“Anything that questions the Party’s right to power becomes a threat to ‘harmony’ and thus peace and happiness in China are explicitly linked to a lack of political freedom. In the minds of many Chinese people, not expressing any interest in the political future of China becomes a sign of patriotism and good citizenship.
The harmony-peace-stability equation is far too simplistic to guarantee more than a temporary peace. Even though the Communist Party has done a highly effective job in creating a country in which individuals are afraid to speak out, it faces a number of problems so huge, and yet so unique, that armies of citizens will be formed, each developed from a specific social condition.
In this book, we discuss Five Armies of Instability, each army of which is capable in itself of creating disturbances and imbalance negative enough to destabilize even the most totalitarian government’s ‘harmonious’ controls. These five armies are not staffed with military experts or legionnaires, but are made up of citizens who have a particular disabling burden the government has thrust upon them intentionally or through neglect.
Already, the forces of these armies are reluctantly growing in number and in most cases are blindly unobserved by the government. These are not dissidents, not revolutionaries per se. These are the human result of tampering with nature or the inattention of those in power to reach out with a helping hand.”
The greatest trick China’s Communist Party ever pulled was teaching the people not to think.
This is why while China is the greatest political conundrum in the world, its population is almost wholly politically apathetic. The entire political discourse in China boils down to a single sentence: ‘Things are better than they used to be.’
And for the future? ‘Things can only get better.’ That’s what most people I talk to in China tell me.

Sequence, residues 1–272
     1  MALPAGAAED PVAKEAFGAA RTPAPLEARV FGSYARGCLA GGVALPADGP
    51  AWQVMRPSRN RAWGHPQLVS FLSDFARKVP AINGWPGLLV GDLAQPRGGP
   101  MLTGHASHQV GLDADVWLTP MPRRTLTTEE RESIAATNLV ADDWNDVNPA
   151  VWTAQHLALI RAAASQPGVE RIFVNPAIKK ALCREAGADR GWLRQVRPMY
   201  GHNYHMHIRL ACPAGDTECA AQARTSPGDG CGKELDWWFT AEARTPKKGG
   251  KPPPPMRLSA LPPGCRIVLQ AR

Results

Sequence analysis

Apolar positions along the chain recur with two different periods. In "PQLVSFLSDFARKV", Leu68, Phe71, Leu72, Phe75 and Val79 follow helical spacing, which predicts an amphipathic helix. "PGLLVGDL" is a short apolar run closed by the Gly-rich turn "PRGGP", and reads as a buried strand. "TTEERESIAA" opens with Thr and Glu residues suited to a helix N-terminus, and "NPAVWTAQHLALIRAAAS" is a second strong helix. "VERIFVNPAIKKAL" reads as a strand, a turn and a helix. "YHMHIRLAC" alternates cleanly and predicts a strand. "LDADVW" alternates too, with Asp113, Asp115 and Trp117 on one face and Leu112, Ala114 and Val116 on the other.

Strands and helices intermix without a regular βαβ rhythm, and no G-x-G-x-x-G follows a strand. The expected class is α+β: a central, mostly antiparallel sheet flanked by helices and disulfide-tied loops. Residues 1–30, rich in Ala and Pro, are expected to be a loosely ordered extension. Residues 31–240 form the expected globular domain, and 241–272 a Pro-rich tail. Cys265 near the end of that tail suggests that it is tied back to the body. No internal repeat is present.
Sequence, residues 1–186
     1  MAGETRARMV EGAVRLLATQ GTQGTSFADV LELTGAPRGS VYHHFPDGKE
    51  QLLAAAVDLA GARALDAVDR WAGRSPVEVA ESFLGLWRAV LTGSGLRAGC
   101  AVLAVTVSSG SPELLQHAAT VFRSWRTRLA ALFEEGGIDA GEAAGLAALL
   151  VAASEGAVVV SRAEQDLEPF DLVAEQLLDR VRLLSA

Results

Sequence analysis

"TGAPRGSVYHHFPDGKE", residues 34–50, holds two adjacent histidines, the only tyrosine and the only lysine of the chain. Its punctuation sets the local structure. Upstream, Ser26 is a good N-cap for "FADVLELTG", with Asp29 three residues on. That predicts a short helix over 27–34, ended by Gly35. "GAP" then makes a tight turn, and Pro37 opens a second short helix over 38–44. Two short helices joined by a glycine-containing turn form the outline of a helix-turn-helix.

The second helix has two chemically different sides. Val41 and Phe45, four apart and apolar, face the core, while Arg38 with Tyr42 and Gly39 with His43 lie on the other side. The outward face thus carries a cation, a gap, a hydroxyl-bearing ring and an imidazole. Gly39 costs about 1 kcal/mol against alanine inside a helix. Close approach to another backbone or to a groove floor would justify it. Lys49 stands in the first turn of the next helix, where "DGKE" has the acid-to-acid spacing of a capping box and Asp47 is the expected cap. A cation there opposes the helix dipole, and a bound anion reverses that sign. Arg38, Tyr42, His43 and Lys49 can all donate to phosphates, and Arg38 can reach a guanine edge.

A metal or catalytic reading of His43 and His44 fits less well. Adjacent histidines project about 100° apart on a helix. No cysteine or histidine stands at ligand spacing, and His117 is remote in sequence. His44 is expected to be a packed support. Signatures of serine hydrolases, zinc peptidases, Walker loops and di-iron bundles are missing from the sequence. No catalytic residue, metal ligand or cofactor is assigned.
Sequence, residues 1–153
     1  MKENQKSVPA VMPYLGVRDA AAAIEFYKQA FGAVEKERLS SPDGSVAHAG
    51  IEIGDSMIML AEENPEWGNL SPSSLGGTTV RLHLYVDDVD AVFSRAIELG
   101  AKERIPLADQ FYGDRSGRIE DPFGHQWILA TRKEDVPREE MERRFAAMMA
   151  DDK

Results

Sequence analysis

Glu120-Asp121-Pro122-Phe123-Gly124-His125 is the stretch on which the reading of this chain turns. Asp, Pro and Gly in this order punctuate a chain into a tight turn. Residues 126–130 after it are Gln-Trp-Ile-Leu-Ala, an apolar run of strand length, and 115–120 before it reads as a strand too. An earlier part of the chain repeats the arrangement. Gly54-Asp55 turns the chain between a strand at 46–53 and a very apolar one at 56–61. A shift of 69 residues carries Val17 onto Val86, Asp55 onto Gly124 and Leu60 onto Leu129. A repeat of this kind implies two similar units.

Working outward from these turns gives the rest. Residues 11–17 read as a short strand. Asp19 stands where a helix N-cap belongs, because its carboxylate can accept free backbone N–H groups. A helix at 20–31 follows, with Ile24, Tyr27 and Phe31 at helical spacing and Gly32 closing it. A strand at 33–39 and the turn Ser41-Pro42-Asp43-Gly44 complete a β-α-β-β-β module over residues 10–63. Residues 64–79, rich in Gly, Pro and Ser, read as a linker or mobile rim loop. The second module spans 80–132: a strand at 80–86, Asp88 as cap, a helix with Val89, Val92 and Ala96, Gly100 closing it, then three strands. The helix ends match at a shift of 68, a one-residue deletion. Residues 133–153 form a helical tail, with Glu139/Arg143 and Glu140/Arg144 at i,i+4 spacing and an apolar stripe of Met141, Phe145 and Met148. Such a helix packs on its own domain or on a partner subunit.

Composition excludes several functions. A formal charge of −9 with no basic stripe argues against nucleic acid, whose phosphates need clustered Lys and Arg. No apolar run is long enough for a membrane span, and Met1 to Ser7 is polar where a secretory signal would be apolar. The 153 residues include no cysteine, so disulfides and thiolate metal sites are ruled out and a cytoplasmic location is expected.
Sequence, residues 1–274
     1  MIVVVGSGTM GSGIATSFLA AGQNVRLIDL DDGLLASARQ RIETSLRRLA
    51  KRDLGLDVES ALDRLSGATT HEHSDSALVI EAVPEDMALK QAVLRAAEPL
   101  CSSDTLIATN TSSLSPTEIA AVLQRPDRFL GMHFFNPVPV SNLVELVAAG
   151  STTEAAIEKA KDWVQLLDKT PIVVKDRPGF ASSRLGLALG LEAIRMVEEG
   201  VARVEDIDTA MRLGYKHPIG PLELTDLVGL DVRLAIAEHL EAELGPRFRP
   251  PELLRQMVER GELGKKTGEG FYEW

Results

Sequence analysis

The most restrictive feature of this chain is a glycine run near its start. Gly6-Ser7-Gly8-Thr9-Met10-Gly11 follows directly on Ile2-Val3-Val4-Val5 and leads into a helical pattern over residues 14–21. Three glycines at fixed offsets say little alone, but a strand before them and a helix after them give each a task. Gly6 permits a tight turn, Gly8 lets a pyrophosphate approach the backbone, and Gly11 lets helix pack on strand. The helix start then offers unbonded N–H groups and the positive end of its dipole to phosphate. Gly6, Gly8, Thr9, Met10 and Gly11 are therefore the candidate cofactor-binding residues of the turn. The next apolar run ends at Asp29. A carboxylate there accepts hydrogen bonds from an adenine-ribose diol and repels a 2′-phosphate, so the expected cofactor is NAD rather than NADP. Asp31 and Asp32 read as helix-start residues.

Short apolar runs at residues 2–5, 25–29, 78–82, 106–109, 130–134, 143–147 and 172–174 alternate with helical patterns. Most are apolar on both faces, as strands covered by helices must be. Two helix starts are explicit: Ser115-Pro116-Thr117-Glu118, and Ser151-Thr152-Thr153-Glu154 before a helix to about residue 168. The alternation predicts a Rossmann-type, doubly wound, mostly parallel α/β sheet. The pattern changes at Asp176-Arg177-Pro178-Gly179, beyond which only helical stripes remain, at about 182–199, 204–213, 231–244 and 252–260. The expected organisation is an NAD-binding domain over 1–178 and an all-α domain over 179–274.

The two phrases pair like a one-two punch of political apathy.
Sure, in an absolute sense, there is some truth to those statements. After spending multiple decades killing around 70 million of its own citizens, China’s Communist Party has indeed become more benign.
But this cannot be called an improvement; at best it is a cessation of the homicidal insanity of the former policies of the Party. Those policies, crude, brutal, insane, out of the same basket as Hitler and Stalin, only ceased when Mao died in 1976.
It cannot be called an improvement because that attitude, the utter contempt that the CPC showed for the people of China back then is still part of its psyche today. The heart of a sociopath still beats underneath the identikit suits and sour expressions of the CPC leaders. That’s why there are still so many Mini-Tiananmen Squares.
‘Things are getting better’ blinds the people of China to the problems that are growing, swelling, metastasizing within China today. Poverty. Gender Imbalance. Crime. Psychologically warped only-children, 90 million of them. Dispossessed and despised migrant workers.
David Marriott and Karl Lacroix list the Five Armies as:-
- The poor
- The only children
- The migrant workers
- The criminals
- The single men